Jockey whose severe eczema made him allergic to horses defies odds

The jockey who is allergic to horses! Eczema sufferer, 23, who broke in out sores when he rode becomes a professional after miracle drug trial 

  • Harrison Shaw was in and out of hospital as a child when parents kept horses 
  • Parents, of North Yorkshire, encouraged him to take part in drug research trial 
  • Within six weeks he became apprentice jokey and has now had 39 winners  

A jockey who is allergic to horses has defied the odds to become a top racer after taking part in a miracle drug trial. 

Harrison Shaw, 23, always dreamed of becoming a jockey but his eczema meant any contact with horses would leave him covered in painful sores.

His parents Andy and Debbie, of Easingwold, North Yorkshire, kept horses throughout his childhood, but were devastated by the effect they had on him.

Desperate to help him achieve his dream they encouraged him to take part in an allergy research trial four years ago.

Harrison Shaw, 23, always dreamed of becoming a jockey but his eczema meant any contact with horses would leave him covered in painful sores. He has now ridden 39 winners 

A young Harrison Shaw is pictured with one of his horses 

Within six weeks of starting the programme, Harrison had become an apprentice jockey.

Now on 39 winners, his allergy levels have reduced to just 30 per cent.      

He told the Daily Star: ‘I’ve had allergic reactions all my life, not just with horses, but also with dogs, cats, bark, pollen and trees.

‘It’s an awful thing as they are all around you but much worse if your dream job is to be a jockey.’

Pictured: Harrison Shaw after one of his 39 wins 

In action: Harrison is pictured competing in a showjumping tournament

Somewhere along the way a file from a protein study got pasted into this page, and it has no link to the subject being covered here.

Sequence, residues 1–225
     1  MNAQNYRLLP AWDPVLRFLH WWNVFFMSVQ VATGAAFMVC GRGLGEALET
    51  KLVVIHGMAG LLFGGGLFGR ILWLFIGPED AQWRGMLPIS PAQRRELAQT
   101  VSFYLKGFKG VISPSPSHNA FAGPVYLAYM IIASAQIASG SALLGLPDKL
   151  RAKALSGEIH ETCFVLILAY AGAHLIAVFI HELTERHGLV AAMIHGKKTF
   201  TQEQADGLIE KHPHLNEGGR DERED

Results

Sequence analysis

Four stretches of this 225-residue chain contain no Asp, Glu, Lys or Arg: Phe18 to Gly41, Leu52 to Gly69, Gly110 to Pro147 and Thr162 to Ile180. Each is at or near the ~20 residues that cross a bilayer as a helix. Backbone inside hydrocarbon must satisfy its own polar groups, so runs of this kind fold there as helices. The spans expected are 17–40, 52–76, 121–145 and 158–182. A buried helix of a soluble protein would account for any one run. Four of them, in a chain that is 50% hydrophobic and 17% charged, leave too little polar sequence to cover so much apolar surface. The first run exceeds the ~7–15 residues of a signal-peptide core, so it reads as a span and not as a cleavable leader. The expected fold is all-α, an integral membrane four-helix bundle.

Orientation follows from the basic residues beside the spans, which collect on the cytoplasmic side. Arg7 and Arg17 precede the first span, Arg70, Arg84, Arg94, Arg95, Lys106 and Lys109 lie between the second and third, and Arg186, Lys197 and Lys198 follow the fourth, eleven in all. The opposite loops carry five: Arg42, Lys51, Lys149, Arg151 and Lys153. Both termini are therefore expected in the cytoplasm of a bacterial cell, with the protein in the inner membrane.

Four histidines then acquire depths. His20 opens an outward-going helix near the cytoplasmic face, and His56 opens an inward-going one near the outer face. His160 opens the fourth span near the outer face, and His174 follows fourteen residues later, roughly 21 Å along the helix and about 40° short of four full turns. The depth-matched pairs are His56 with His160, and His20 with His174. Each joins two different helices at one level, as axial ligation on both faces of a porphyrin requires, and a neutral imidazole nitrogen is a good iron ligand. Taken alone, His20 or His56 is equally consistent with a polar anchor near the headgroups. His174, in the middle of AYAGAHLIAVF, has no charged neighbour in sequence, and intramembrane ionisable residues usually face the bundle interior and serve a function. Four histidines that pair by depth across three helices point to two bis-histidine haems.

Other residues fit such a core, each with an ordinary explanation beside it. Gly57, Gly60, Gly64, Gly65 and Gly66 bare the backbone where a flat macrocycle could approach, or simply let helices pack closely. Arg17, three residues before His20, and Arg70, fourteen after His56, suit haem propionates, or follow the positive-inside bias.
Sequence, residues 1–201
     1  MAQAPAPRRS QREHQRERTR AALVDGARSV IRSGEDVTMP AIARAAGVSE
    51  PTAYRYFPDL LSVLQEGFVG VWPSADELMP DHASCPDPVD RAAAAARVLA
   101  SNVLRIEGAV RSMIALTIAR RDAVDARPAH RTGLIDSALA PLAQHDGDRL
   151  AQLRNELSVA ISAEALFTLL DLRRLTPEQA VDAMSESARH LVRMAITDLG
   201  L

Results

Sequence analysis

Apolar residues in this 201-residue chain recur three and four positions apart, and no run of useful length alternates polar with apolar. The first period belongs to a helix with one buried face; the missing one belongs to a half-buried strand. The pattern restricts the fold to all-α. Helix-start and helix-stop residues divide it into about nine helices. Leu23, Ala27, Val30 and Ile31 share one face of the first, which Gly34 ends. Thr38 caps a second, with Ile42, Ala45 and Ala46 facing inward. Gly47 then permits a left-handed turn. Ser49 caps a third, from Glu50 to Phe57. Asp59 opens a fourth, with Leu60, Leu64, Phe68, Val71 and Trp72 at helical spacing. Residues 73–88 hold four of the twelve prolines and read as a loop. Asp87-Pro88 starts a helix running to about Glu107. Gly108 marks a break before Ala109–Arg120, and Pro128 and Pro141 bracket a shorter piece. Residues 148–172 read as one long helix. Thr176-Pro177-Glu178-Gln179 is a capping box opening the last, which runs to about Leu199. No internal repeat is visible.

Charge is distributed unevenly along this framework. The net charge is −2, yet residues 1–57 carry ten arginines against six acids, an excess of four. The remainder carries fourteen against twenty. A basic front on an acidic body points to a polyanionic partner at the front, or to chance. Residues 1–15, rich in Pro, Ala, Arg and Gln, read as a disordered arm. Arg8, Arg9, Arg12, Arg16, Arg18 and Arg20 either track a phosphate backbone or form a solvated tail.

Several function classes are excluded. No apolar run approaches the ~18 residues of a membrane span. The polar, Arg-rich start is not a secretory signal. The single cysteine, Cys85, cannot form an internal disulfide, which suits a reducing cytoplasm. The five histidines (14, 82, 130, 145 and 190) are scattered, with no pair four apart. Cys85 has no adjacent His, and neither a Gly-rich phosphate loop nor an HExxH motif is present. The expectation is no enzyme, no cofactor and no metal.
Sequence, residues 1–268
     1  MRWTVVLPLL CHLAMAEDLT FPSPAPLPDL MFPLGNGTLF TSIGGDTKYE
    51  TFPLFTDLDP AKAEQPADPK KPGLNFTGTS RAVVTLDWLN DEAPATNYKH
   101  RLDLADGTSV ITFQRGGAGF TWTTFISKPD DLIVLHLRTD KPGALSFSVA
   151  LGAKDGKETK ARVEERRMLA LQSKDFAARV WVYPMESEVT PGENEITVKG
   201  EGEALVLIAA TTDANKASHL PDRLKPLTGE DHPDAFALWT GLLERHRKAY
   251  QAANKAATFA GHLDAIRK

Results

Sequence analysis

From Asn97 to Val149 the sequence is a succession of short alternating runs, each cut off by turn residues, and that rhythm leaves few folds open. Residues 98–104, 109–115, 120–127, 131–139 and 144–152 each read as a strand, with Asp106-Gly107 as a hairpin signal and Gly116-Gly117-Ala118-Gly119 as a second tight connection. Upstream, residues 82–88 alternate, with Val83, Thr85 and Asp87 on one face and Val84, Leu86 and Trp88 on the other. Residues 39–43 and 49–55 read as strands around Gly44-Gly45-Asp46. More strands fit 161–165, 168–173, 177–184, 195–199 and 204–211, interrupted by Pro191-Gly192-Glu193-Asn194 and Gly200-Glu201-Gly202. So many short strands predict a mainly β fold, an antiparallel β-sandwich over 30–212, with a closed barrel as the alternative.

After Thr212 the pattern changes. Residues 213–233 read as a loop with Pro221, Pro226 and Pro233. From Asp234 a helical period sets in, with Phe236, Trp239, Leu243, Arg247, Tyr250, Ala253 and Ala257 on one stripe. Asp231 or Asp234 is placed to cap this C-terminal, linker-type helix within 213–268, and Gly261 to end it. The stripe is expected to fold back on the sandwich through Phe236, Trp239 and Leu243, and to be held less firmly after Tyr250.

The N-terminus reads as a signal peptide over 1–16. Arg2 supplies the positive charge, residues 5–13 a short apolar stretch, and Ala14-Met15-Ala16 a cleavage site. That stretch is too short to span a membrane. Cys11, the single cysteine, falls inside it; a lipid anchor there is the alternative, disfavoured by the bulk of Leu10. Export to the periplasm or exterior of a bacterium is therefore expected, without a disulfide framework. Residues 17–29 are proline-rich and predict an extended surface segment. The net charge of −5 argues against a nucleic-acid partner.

A year after signing up to the trial he won his first race, and looks set for further success. 

The drug used in the trial is called Dupilumab and has now been approved for use on adult NHS patients with moderate to severe skin allergies. Further research is required for use on children. 

Professor Michael Cork, a consultant dermatologist at Sheffield Teaching Hospitals told the newspaper: ‘He is so dedicated to his horseracing that his allergy to horses has gone from more than 100 per cent to less than 30 per cent – he can even hug a horse now.’ 


Eczema is an inflammatory condition of the skin that leads to redness, blistering, oozing, scaling and thickening.

It usually appears in the first few months of life and affects around 10 per cent of babies.

Eczema’s cause is not fully understood but it is thought to be brought on by the skin’s barrier to the outside world not working properly, which allows irritants and allergy-inducing substances to enter.

It may be genetic due to the condition often running in families.

As well as their skin being affected, sufferers may experience insomnia and irritability.

Many factors can make eczema worse. These may include:

  • Heat, dust, soap and detergents
  • Being unwell, such as having a cold
  • Infections
  • Dry skin
  • Stress

There is no cure for eczema, however, 70 per cent of childhood sufferers no longer have the condition in their teens.

Patients should avoid known triggers for flare ups and use emollients.

Source: British Skin Foundation 

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